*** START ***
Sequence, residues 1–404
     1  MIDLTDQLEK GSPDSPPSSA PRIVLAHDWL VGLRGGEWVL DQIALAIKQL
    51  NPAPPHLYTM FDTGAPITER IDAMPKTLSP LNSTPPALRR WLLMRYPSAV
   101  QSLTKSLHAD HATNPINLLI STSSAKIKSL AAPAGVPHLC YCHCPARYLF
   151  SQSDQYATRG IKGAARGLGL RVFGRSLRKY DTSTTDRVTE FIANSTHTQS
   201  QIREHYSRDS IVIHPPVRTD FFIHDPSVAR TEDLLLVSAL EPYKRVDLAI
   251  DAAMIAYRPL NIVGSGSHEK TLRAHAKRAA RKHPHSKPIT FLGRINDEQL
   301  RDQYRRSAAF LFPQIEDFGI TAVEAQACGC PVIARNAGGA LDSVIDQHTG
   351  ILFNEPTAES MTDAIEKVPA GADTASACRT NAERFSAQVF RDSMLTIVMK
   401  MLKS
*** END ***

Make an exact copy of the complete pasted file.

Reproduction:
Sequence, residues 1–404
     1  MIDLTDQLEK GSPDSPPSSA PRIVLAHDWL VGLRGGEWVL DQIALAIKQL
    51  NPAPPHLYTM FDTGAPITER IDAMPKTLSP LNSTPPALRR WLLMRYPSAV
   101  QSLTKSLHAD HATNPINLLI STSSAKIKSL AAPAGVPHLC YCHCPARYLF
   151  SQSDQYATRG IKGAARGLGL RVFGRSLRKY DTSTTDRVTE FIANSTHTQS
   201  QIREHYSRDS IVIHPPVRTD FFIHDPSVAR TEDLLLVSAL EPYKRVDLAI
   251  DAAMIAYRPL NIVGSGSHEK TLRAHAKRAA RKHPHSKPIT FLGRINDEQL
   301  RDQYRRSAAF LFPQIEDFGI TAVEAQACGC PVIARNAGGA LDSVIDQHTG
   351  ILFNEPTAES MTDAIEKVPA GADTASACRT NAERFSAQVF RDSMLTIVMK
   401  MLKS